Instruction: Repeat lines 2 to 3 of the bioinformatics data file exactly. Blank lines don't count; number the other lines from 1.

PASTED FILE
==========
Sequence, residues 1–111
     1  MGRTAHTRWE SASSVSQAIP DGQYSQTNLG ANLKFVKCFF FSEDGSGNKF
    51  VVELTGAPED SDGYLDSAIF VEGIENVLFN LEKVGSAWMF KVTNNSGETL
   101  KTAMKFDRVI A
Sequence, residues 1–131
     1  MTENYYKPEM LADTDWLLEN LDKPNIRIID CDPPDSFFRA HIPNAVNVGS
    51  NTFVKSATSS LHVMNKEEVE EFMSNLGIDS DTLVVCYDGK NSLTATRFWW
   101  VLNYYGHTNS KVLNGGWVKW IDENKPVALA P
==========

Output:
     1  MGRTAHTRWE SASSVSQAIP DGQYSQTNLG ANLKFVKCFF FSEDGSGNKF
    51  VVELTGAPED SDGYLDSAIF VEGIENVLFN LEKVGSAWMF KVTNNSGETL